Friday, July 1, 2011

Drunken Pork Belly

Finally- a copy of a Tapuy Cookbook (hot off the press!). Few months ago, I was asked to contribute a recipe for PhiliRice ( a government corporate entity under the Department of Agriculture established to help develop high-yielding and cost reducing technologies through research so farmers can produce enough rice for Filipinos)—and of course I excitedly said yes to the project.  I am posting my recipe and some useful infos about the local rice wine to create awareness and help promote Tapuy — Congratulations to PhilRice !!! Tagay Pa !!!
Tapuy (rice wine) is a traditional alcoholic drink in the northern part of the Philippines for more than 200 years.  It consumed during fiestas, weddings, harvesting ceremonies and other cultural celebrations.
Philippine rice wines vary in taste, aroma, color and keeping quality in the country side.  Because of this, PhilRice  created greatly improved tapuy with the sensory profile : clear full-bodied wine with luxurious alcoholic flavor, moderate sweetness, and lingering finish. It is 100% natural pure wine, with no preservatives and undiluted with water and 14% alcohol content.
Enjoy this traditional wine with ice, cocktail drink or served as straight, chilled or use it with cooking!
Baked Pork Liempo 
1 kg             Pork Belly (liempo), whole with skin
½ c             PhiliRice Tapuy
½ c             Vinegar
4 tblspn      Fish Sauce
1 tspn          Sesame Oil
3 tblspn       Minced Garlic
1 ½ tspn     Minced Ginger
2 pcs            Star Anise
2 tblspn       Brown Sugar
2 tblspn       Ground Pepper
2 tspn           Salt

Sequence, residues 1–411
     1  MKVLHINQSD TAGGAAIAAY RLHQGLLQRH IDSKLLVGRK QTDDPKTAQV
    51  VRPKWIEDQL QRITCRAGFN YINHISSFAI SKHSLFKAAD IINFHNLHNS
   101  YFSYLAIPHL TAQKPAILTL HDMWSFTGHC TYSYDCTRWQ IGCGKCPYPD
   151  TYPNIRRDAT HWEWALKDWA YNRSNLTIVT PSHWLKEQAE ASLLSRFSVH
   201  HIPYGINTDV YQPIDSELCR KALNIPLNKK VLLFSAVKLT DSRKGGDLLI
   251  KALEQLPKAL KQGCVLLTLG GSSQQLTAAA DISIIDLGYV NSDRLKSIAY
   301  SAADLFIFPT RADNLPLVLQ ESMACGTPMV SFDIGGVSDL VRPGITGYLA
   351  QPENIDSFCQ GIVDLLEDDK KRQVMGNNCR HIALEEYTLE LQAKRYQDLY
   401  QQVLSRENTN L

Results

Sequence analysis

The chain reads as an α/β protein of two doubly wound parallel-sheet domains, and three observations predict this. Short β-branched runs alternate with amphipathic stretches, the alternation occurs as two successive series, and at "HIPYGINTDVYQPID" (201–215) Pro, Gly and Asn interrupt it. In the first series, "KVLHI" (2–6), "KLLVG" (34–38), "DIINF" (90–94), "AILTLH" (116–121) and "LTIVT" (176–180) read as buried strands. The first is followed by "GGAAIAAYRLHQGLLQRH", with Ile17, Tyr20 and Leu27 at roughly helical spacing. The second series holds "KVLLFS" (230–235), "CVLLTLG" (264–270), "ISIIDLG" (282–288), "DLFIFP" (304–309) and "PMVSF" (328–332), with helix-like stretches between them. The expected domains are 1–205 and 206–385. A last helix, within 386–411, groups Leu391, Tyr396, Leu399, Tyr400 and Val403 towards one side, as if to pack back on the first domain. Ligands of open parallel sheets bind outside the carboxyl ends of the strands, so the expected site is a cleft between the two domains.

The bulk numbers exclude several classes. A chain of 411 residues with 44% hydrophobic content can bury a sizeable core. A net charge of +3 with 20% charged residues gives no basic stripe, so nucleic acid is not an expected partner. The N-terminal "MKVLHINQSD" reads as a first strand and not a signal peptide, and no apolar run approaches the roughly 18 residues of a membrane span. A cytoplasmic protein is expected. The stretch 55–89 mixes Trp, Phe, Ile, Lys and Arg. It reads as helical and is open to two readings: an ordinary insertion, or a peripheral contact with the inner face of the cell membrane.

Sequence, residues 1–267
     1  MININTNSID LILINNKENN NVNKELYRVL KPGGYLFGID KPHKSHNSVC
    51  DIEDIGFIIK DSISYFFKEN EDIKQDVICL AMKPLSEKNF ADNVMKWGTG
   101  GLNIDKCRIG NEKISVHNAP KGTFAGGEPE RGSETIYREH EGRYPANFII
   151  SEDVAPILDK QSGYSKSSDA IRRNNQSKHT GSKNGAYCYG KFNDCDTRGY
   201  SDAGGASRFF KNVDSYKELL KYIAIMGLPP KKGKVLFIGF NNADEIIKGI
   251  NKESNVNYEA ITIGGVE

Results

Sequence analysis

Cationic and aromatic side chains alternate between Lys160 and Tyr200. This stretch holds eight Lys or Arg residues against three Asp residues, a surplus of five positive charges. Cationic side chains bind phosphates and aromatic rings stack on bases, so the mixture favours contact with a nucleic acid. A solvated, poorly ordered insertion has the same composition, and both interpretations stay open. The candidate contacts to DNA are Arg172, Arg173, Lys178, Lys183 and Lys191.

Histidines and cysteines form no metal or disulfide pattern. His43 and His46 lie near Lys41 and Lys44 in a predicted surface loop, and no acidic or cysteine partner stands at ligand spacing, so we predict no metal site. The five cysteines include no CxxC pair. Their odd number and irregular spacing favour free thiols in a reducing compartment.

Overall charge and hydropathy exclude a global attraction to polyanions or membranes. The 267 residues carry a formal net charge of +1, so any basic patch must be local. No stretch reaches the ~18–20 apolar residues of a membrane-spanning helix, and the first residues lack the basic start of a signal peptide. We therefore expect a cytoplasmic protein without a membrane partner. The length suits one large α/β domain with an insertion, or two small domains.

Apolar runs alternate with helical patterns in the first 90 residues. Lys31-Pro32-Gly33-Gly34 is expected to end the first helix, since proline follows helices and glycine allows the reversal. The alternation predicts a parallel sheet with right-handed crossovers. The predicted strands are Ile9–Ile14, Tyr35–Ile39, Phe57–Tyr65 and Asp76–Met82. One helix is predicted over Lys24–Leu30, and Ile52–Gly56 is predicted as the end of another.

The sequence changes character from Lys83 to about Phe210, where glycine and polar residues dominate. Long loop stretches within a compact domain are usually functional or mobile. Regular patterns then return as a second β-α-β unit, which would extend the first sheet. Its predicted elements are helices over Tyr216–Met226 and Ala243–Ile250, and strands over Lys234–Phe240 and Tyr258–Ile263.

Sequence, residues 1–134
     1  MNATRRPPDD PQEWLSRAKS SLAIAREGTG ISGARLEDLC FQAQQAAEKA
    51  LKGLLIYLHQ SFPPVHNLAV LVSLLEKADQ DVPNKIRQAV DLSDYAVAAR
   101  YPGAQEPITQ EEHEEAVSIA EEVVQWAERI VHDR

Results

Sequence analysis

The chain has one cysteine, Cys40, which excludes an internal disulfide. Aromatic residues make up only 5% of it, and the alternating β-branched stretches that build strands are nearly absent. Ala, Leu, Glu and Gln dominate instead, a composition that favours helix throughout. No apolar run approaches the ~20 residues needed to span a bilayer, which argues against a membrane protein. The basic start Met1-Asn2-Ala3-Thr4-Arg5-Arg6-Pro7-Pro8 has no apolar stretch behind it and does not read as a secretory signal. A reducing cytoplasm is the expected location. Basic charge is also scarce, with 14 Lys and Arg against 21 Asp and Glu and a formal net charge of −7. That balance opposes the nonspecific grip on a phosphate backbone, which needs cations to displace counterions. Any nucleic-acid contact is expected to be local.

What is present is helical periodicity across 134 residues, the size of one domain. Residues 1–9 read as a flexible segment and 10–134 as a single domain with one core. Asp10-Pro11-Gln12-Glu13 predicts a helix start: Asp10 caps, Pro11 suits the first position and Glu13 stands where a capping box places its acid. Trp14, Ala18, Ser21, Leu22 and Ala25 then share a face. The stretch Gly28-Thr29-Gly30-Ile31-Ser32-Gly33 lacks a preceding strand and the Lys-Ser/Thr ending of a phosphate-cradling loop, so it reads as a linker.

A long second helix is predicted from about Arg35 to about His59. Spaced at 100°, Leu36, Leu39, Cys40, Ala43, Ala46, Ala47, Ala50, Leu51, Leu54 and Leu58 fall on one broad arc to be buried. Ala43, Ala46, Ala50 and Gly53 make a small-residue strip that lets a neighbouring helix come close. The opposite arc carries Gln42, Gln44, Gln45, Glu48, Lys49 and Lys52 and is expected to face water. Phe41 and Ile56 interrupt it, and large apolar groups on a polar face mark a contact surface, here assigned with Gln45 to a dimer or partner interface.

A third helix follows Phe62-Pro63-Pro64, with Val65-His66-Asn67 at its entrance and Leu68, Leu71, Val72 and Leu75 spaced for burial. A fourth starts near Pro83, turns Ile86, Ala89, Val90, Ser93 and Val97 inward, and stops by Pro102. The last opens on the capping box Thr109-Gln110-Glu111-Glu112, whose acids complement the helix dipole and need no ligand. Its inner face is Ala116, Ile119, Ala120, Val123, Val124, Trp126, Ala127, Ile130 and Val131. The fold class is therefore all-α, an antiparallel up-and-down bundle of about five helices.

Combine all ingredients and marinate pork belly overnight
Roll and tie up pork with skin side out. Bake for 20 to 30 minutes at 400 deg and baste every 10 minutes. Bake for another 10 to 15 minutes at 350 deg.
Let pork roll sit after roasting. Remove the strings and slice before serving.

The Legend of Tapuy(An Ibaloi Tale) 
Tapuy was introduced to the Ibaloi tribe by the gods. The story goes, that the first woman encountered an enchantress named Bugan, sent by Kabunian to make tapuy for the tribe for them to enjoy eating pig meat.
“Get the wonder plant and crush the grains until it becomes powder. Mix it with cooked rice and water, and let the mixture stand for three days. “ Put it in a jar and cover it for eight days,” commanded Bugan. On the eight day, Bugan and the first woman opened the jar and saw that the water had turned into a golden liquid with pleasant aroma.
“Now you have tapuy,” Bugan declared. “Use it during feasts. Before drinking, the priest should recite the story of Kabunian, then invite the gods to celebrate with the people. Pass the tapuy for the guests to take a sip. Then offer a pig to the gods.”
To this day, the Ibalois still follow the instructions of Bugan and drink tapuy during every festivity.
Food Notes :

1. Get a liempo with a nice layer of fat (Fat = Flavor)
2. Serve with hot rice — and a glass of chilled tapuy !
3. Source : PhilRice Tapuy Cookbook & Cocktails, A collection or recipes and cocktails featuring Philippine Rice Wine, Philippine Rice Research Institute Nueva Ecija, Philippines

1 comment:

  1. OMG Chef! I'm lovin all these pork belly recipes you've been posting.